(In reply) To Miss FALKLAND.

Wishing grace, mercy, and peace.

MANY thanks are due to my dear friend for the sweet account she has given us of the last moments of our much respected and faithful friend and pastor in the Lord Jesus Christ; of whom it may be truly said that he was a burning and a shining light, and a zealous, indefatigable minister of the everlasting gospel, doing the work of an evangelist faithfully. "They that turn many to righteousness shall shine as the stars for ever and ever."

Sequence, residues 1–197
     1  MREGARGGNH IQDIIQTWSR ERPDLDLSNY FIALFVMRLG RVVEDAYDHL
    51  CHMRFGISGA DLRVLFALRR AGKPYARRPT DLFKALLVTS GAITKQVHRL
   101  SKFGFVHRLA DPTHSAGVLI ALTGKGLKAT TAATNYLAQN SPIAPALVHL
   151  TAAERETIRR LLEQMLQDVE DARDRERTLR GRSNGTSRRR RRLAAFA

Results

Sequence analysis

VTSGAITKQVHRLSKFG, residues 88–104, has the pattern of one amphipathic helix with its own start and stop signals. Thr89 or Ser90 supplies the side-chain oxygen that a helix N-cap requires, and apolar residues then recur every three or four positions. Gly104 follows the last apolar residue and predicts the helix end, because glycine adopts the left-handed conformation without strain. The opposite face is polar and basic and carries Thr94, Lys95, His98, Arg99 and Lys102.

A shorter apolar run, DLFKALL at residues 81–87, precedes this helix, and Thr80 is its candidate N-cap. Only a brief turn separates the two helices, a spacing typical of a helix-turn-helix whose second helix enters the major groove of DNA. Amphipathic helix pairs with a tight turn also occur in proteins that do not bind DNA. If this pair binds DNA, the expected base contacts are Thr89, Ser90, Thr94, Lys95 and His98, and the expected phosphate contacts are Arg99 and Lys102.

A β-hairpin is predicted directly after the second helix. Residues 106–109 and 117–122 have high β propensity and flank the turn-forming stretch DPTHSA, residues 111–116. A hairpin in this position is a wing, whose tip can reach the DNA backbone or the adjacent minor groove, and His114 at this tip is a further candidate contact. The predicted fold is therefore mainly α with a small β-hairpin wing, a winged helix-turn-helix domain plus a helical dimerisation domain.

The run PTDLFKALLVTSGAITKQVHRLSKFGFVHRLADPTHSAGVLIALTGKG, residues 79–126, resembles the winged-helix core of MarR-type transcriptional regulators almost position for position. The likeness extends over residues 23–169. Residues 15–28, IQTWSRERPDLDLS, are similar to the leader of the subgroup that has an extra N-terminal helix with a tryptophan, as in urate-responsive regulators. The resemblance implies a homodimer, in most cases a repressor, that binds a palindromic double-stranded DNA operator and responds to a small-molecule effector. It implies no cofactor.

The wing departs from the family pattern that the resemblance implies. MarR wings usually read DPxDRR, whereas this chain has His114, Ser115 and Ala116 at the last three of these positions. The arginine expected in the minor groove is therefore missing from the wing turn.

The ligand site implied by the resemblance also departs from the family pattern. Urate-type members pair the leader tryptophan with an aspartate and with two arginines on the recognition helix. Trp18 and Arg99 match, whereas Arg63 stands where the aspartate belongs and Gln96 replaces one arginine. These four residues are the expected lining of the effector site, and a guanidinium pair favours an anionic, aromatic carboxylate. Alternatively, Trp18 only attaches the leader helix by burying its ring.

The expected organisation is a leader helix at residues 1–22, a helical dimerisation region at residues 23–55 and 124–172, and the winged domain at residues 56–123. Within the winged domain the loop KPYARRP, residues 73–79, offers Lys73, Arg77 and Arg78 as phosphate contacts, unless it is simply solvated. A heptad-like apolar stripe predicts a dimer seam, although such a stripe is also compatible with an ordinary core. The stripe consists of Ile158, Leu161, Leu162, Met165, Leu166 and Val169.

When, in consequence of his sudden and severe indisposition, I called upon him at Pentonville, after affectionate inquiries respecting the family, he told me very seriously that his work was done, and he should not be much longer with us. Alarmed at the remark, I asked him if he had any serious impressions upon his mind that the Lord was about to remove him. To which he replied, that he heartily prayed God he would, for he had laboured above forty years in the vineyard, and was tired of this miserable sinful world. He then said that he had not walked in craftiness, nor handled the word of God deceitfully, and that he was now in the enjoyment of those blessed truths he had so long preached to others. Speaking with him upon certain points of experience, he said that during former illnesses he had never been indulged with such sweet and heavenly views as had abode with him of late: that he knew nothing of those ecstatic joys he had heard of in others; but felt and enjoyed a solid permanent peace the effect of pardoned sin, and fruit of the holy and blessed Spirit. He then observed that, though formerly he used to take great pleasure in the works of creation, he had now no delight in any thing beneath the sun. After some further conversation about the heavy trials that he had long foreseen hung over the church, he told me it was his intention to go the next morning into the country, being determined to settle his temporal concerns and make his will - all which he had arranged in his mind, but could not execute at home on account of the frequent interruptions he there met with. And this resolution he confirmed when I saw him again, for the last time, at Tunbridge Wells, two days before his death, saying that these things had been the subject of his prayers for the last eight months of his life.